LIS 504 - The normal distribution

The normal distribution is an ideal or theoretical distribution to which many actual distributions approximate, more or less.

For example, if you take a number of random samples from a population and form a distribution of the means of the samples for some variable, you will often get something close to the normal distribution.

Typically, something close to a normal distribution is produced by adding the results of a number of independent events over a large number or trials; for example, repeating n flips of a coin many times.

There are four ways a coin can land in 2 flips, and, if the flips are fair, each of these is equally likely:
# Flips Number of heads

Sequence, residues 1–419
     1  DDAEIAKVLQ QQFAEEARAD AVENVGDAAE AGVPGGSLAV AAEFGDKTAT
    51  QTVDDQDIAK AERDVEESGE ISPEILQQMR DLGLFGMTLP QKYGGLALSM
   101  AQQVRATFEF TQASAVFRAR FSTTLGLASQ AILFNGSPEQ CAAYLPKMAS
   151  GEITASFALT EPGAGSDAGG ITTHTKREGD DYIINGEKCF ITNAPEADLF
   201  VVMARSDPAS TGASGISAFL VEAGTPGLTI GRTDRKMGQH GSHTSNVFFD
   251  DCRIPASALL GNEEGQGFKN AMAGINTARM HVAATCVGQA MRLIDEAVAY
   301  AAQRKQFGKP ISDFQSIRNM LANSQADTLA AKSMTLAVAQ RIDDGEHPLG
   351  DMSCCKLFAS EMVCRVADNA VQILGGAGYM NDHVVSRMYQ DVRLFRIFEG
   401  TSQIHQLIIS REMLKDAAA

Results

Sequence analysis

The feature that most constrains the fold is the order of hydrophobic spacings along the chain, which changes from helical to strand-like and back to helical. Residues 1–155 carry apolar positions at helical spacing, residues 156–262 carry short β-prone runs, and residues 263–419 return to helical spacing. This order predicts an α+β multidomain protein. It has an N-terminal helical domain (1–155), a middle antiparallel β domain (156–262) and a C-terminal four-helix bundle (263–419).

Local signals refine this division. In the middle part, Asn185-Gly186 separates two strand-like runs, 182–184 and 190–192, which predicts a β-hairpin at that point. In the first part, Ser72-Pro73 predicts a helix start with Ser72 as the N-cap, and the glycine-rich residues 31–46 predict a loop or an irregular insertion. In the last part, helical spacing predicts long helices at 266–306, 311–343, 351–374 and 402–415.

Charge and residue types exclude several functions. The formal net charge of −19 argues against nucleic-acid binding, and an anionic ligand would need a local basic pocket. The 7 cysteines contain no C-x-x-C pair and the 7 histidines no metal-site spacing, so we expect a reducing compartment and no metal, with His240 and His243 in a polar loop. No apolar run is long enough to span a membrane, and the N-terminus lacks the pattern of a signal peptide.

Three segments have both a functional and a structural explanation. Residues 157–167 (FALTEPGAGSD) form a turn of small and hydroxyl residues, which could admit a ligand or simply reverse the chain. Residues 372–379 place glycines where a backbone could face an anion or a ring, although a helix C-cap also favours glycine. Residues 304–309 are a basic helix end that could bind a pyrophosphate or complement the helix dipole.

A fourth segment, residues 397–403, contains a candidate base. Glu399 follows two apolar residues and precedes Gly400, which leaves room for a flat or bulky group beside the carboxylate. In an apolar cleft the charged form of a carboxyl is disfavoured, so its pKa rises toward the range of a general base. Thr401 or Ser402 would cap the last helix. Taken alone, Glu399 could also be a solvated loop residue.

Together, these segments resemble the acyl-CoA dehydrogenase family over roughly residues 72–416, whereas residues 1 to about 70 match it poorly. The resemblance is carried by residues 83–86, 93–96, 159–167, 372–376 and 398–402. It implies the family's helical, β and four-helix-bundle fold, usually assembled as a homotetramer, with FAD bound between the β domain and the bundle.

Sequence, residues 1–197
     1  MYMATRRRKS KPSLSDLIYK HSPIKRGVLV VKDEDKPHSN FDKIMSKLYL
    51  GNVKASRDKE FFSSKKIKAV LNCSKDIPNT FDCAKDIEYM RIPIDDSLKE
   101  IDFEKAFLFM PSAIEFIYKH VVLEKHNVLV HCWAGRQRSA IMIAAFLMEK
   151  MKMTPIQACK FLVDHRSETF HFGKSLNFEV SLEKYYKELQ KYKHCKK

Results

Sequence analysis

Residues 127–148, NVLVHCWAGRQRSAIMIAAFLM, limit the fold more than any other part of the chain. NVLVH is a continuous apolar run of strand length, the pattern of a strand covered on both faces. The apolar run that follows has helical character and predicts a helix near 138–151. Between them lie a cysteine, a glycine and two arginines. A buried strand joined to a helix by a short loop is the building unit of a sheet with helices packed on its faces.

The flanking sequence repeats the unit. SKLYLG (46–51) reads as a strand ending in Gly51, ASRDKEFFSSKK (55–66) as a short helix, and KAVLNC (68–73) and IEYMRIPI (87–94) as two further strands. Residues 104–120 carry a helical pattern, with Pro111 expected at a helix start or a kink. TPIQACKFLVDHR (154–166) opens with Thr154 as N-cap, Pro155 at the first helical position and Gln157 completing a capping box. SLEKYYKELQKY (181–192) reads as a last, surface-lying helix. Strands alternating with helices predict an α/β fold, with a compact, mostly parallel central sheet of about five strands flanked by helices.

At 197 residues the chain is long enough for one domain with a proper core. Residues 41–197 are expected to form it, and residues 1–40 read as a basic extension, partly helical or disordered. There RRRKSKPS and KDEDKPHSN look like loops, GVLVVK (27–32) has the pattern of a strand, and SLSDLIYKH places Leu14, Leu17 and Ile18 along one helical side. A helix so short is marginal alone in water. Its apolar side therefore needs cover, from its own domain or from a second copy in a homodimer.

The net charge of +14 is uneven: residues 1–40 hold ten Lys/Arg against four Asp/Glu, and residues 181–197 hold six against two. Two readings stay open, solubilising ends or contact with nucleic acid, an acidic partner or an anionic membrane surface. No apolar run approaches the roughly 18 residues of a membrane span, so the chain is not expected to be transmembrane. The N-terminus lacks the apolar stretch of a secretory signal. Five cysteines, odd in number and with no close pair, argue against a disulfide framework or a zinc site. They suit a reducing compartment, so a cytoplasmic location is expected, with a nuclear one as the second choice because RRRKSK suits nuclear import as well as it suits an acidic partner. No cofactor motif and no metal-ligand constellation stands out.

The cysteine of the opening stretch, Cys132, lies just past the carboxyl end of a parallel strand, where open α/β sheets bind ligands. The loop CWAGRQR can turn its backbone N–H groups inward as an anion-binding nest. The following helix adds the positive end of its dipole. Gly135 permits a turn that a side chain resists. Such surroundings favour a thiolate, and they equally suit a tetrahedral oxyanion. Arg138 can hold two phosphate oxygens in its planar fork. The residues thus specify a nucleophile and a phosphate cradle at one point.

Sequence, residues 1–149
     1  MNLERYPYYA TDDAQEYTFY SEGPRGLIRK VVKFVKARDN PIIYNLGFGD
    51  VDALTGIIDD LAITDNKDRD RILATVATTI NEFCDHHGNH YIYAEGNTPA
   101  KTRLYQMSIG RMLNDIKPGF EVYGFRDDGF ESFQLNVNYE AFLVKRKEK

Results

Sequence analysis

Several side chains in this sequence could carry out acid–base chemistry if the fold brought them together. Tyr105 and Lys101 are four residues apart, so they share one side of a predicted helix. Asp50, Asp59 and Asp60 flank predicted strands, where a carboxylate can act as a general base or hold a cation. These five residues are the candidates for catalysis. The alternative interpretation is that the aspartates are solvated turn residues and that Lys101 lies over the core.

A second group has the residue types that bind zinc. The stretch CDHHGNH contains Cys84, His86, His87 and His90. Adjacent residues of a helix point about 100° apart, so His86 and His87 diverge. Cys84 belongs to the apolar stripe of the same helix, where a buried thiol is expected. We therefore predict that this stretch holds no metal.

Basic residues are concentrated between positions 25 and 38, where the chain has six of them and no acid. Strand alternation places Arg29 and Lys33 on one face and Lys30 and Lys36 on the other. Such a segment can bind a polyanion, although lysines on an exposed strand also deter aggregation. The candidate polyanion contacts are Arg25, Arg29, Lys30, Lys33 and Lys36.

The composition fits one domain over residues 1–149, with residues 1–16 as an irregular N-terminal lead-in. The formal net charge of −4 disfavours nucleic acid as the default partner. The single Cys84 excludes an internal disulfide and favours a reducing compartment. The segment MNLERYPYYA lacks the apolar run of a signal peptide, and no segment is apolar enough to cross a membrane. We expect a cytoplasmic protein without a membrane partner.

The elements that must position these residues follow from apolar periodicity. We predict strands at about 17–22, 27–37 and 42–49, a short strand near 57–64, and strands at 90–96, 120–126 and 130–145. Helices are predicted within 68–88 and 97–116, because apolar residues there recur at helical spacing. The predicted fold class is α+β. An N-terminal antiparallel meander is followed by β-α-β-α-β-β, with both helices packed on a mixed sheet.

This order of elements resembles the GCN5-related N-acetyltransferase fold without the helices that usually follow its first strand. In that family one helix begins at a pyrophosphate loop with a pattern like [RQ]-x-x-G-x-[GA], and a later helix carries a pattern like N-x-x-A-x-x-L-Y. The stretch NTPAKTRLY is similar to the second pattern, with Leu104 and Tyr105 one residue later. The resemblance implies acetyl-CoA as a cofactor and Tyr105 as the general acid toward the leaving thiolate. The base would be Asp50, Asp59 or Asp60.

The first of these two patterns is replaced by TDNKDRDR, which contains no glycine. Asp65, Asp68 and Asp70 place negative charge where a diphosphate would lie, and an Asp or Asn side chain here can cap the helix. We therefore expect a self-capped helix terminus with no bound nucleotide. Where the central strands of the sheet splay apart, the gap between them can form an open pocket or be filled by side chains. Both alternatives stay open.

1 0
2 1
3 1
4 2

Because each way the coin can land is equally likely, we would expect on average to see the results appear as follows over a long series of trials:
Frequency
Number of heads

As we increase the number of coin tosses per trial, the shape of the normal curve begins to emerge. For example, at four tosses, we have
Frequency
Number of heads
and, at 10 tosses, we have
Frequency
Number of heads


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Last updated November 1, 2000.
This page maintained by Prof. Tim Craven
E-mail (text/plain only): t.craven@uwo.ca
Faculty of Information and Media Studies
University of Western Ontario,
London, Ontario
Canada, N6A 5B7